“Several years ago I fell ill, unable to continue a life that was full of people. They were genial folks, kindhearted and interesting. As they faded away when I was no longer able to do things with them and for them, I discovered the difference between a friend and a friendly acquaintance… A good friend changed from something I was owed to a breathtakingly beautiful gift. The sorrow and grief made that change possible, leaving behind it a bit of wisdom. There have been many an acquaintance made after I lost my pre-illness social circle, but now they are held rather lightly. I enjoy them, but resist having expectations of them. Often I will find myself sensing when a relationship feels more like a requirement, or when I seem to be taking more than I give back. Not in IOU or UOME terms, but in an awareness of balance.”
She goes on to explain that really the only ONE who can meet our needs is God.
I am reminded of an Ebenezer. To some of my readers, you may recognize that word from a VERY old hymn, rarely sung in churches today. “Come Thou Fount of Every Blessing” is not widely known in today’s churches. I had a grandmother who was not only fond of old hymns, but also of explaining what words meant. Ebenezer comes from two Hebrew words Even and Haazer. It looks like this:
It means “stone of help” and represents a memorial stone set up specifically to TESTIFY and REMEMBER.
These markers in our life are indelible, permanent fixtures on our own hearts and minds. For some things, however, I like to have a literal Ebenezer. Something tangible, something I can hold, and something that forces me to remember.
You are going to think I’m crazy… but check out this Ebenezer:
Nope! Your eyes do not deceive you. These are two shed cicada skins. Before you think I’ve lost it and am “gruesome beyond belief”, read the LID of the box:
Unless you’ve lost your hearing… only to regain it through a cochlear implant, you cannot understand what it means to hear and recognize a sound from your past.
You cannot understand what it means to bend and pick up something unless you live with arthritis.
You cannot understand what it means to see again unless you’ve lived with cataracts and then had them removed.
You cannot understand what it means to stretch for a glass from your cubboard and realize you feel no pain today, unless you live with fibromyalgia.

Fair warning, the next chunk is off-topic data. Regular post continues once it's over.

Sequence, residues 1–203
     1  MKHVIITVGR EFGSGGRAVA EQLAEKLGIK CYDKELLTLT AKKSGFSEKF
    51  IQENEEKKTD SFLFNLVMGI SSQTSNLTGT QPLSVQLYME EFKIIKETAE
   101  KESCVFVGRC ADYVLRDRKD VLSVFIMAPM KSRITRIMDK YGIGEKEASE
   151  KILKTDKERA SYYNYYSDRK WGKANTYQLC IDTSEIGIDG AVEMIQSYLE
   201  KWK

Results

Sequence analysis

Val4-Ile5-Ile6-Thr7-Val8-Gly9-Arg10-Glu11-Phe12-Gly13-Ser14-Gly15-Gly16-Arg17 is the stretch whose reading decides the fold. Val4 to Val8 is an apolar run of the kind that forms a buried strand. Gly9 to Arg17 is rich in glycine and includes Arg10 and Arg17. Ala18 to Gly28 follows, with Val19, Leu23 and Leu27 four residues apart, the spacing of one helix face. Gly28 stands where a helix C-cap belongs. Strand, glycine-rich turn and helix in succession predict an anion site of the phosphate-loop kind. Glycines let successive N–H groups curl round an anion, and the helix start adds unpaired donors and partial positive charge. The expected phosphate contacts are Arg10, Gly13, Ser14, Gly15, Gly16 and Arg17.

You cannot understand what it means to have independence because of an assistance dog, unless you live with mobility issues and difficulties.
You cannot understand what it means to look forward to “today”, unless you live with mental illness.
Life challenges bring a new appreciation… a new satisfaction for what once were mundane tasks. If you haven’t yet identified markers in your life, well my friend? It’s one of two things… you either aren’t living life, or you haven’t lived enough of it YET.
One of the hardest things about being a parent is seeing my young adult children identify and experience things that etch permanent markers in their own lives. Perhaps you aren’t a parent, but you know someone who is experiencing a first “marker”. Do your best to encourage them. Be a living testimony of someone whose own life markers made them “better”. Make a difference…
© 2010 Personal Hearing Loss Journal
2 thoughts on “Markers”
As usual, another great post. I certainly have those markers in my life! I love the points from Terry’s message… I may have to get Khris to pick up a CD of that one! Thanks for sharing and blessing 🙂
Your post brought tears to my eyes. Yes, I live with markers, but had never before defined them.
Before Emmy (mobility service dog for those who do not already know) came into my life…
After chronic illnesses…
Living WITH Emmy…
Having a life – not despite but WITH RA and fibro…
Thank you for this.